Exposition-digression: In 1965 and '66, when the Blues Magoos were creating truly trippy jams like their legendary version of "Tobacco Road" in clubs in Greenwich Village, the Beatles were still "Rubber Soul"-ing, the Grateful Dead were a frickin' jug band! and, I even clearly remember an article in a British music magazine where Saint Syd Barrett said, "Pink Floyd was a blues band until we heard the Blues Magoos." Yes, the Yardbirds got there first when it came to extended improvs or "rave ups", but, the Magoos expanded the concept geometrically.

Anyway, after an awkward few moments, once he realized I was "okay", Mike lightened up considerably and got really chatty.

"Man, I can't believe you knew who I was... and I can't believe you know that it was us that started all that. I don't care what anyone thinks or says, I know the truth... There were nights at the old Night Owl [the legendary club in the center of Greenwich Village] where John Lennon and George Harrison would be sitting at one table and Mick Jagger and Brian Jones would be at another table and the fuckers would be practically taking notes! I lived it, I know it's the truth. You're right, we got there first."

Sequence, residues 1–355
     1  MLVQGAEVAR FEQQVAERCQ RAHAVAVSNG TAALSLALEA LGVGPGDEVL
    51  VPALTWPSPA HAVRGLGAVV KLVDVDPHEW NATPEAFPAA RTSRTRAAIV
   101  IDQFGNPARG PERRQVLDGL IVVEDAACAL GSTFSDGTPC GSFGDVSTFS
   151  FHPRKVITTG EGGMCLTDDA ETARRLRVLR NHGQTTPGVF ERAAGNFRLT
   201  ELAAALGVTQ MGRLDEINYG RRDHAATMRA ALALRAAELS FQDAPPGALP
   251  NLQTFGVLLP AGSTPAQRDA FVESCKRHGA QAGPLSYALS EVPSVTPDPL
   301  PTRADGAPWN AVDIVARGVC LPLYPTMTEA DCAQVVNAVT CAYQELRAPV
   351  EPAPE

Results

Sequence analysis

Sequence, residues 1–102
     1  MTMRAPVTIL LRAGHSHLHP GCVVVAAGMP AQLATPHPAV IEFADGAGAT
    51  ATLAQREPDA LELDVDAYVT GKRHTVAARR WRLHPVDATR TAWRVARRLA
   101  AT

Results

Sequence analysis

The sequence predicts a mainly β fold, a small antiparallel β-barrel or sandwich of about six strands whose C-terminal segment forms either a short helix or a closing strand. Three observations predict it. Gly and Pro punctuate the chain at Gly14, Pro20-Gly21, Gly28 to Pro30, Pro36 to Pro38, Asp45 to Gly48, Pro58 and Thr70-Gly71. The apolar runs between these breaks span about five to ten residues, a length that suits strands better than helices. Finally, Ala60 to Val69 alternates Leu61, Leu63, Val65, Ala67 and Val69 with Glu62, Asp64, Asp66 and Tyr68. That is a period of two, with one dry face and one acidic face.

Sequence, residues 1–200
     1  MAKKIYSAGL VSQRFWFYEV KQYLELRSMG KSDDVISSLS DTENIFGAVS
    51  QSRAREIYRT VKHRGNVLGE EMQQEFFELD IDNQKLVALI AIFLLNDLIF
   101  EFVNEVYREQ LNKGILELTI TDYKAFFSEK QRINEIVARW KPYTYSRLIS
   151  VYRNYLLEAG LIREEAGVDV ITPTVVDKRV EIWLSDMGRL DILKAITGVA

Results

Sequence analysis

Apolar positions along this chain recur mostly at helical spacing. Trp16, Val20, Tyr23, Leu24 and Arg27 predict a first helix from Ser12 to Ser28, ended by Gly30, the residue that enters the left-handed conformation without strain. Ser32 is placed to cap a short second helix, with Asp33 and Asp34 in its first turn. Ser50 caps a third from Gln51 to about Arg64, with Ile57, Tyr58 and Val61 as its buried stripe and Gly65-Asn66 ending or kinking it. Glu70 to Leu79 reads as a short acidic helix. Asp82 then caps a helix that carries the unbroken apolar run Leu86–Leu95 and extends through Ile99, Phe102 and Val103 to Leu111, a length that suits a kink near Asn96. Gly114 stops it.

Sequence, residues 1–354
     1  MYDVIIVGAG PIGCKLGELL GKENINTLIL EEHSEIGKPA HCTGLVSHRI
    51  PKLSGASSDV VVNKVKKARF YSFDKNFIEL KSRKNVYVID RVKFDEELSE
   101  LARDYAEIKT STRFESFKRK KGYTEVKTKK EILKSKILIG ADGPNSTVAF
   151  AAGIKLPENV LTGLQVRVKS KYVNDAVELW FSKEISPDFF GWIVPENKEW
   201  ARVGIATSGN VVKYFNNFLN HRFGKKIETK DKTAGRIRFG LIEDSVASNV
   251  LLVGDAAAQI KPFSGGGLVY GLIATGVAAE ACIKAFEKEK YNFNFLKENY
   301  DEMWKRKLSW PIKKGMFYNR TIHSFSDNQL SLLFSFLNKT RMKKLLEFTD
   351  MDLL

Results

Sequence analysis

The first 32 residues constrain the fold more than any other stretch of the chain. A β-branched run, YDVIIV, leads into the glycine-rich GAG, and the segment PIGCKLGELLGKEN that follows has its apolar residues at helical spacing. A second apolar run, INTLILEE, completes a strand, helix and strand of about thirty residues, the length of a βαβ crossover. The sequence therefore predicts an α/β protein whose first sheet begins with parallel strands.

Go and read the rest here--that's an order!

Pics most likely "borrowed" from fy60smen and hiptoad.

Sunday, April 17, 2011

Come on over to my side

I've seen these two pics of the Pleasure Seekers before:



Little did I realize until today, though, that they were taken at Trude Heller's!  A crucial bit of background proof was cropped out of the above photos, but it does appear in the images which illustrate the fantastic interview with Patti Quatro in the current issue of Ugly Things (#31).

I also just found this photo here, with the telltale Trude profile logo behind them.

Looks like the Quatro sisters are in the process of developing a site about their musical history, quatrorock.com.  In the meantime, get your grubby mitts on the new UT, which as usual provides hours of indispensible rock and roll reading...other particular highlights for me include the to-die-for Norton Records Silver Anniversary Story and an interview with Prince Stash Klossowski de Rola.

Friday, April 15, 2011

Rocks on, Rocks off...

Just a couple of quickie links:

EV Grieve did a nice post about the Electric Circus, including some cool Getty pics that he beat me to the punch in posting.  Thanks to the ever-vigilant NYCDreamin' for the head's up.

And Rocks Off, perhaps best known for their summer concert cruises (we took one with the Fleshtones a few years ago and are still on their e-mail list after all this time), have just started a series of NYC Rock and Roll Walking Tours.  Here's the schedule and booking page.